Beyond new releases and announcements from some of the biggest names in synthesis, we can always count on Superbooth to pull back the curtain on some wild innovations and one-of-a-kind inventions. One such creation is the Silhouette Eins Optical Synthesizer, a light-sensitive synthesizer that creates sound in real-time with stimulus from shapes, images and even movies.
The Silhouette Eins’ interface consists of a keyboard and an on-monitor Plexiglass hardware controller, with 20 potentiometers and 21 buttons across four software pages. Next to this is a light table upon which objects, limbs or just about anything else can be placed as stimuli for the instrument’s engine.
The synth harks back to a method dating from the 1920s, by which sound would be recorded onto 35mm and 60mm film with optical soundtracks in the form of waves. The Silhouette Eins’ inventor Pit Przygodda says he began to see the potential in the idea while studying experimental film at HFBK University Of Fine Arts Hamburg and conducting experiments with optical soundtracks in the 1990s. From there he began to conceive of a software alternative for the process, and first appeared at Superbooth 2016 with an early iteration of the instrument, called the Videovox.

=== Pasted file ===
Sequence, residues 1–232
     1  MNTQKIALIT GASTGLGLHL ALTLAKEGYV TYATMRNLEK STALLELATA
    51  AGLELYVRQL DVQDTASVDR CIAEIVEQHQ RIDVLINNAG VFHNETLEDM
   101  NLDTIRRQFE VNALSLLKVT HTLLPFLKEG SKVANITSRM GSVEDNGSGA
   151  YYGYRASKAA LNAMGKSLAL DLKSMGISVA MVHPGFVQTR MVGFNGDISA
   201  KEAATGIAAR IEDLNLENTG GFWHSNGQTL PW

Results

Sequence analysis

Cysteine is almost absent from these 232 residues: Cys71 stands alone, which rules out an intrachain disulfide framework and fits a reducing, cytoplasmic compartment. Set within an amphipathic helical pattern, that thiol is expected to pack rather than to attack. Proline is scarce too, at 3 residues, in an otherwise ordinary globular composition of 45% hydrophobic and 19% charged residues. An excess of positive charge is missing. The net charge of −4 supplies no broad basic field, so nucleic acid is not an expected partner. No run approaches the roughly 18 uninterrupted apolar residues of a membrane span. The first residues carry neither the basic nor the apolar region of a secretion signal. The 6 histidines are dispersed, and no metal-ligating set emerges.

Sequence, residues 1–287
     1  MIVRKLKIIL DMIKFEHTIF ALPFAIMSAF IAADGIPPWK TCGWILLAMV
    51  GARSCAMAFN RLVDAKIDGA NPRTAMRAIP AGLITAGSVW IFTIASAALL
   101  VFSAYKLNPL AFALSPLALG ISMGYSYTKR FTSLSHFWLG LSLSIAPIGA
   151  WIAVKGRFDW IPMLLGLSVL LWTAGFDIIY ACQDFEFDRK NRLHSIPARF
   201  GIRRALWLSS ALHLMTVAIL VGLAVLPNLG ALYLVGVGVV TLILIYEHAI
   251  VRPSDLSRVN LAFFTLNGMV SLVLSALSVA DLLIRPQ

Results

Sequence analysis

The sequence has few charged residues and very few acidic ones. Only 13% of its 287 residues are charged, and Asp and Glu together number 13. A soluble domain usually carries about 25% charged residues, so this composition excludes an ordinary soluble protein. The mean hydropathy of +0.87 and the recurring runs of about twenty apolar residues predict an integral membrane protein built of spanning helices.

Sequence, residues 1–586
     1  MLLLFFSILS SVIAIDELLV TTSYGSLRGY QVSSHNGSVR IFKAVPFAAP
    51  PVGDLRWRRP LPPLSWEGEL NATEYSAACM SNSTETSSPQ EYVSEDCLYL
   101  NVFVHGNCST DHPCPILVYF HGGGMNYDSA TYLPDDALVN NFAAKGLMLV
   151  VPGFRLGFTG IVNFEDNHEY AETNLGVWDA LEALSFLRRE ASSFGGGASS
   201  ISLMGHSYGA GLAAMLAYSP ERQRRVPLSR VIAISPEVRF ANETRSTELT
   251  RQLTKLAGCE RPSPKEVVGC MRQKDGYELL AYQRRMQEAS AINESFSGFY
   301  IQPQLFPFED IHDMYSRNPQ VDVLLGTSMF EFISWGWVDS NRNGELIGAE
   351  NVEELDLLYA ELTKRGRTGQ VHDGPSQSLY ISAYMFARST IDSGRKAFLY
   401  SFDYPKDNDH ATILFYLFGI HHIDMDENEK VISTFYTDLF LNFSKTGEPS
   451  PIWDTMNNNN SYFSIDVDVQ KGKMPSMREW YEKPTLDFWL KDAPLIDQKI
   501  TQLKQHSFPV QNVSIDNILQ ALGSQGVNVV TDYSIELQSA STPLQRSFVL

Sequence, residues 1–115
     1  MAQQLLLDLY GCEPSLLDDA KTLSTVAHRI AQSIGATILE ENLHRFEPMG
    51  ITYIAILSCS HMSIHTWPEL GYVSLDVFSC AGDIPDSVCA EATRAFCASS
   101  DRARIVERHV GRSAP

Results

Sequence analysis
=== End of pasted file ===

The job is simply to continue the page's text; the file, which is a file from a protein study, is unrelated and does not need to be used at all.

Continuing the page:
“I always thought [of the optical soundtrack method], that’s a great synthesizer!” said Przygodda, who then set about working out a way for that process to happen in real time. The result is a relatively compact, highly impressive instrument that can produce a vast range of analogue, wavetable and FM-style sounds.
Check out the Silhouette Eins Optical Synthesizer performing Dove Dance below, using only a moving image of a dove to generate its sounds:
The Silhouette Eins is available to order now, with a price of €3800 and a lead time of up to three months. For more information or to make a purchase request, head to silhouette-synthesizer.de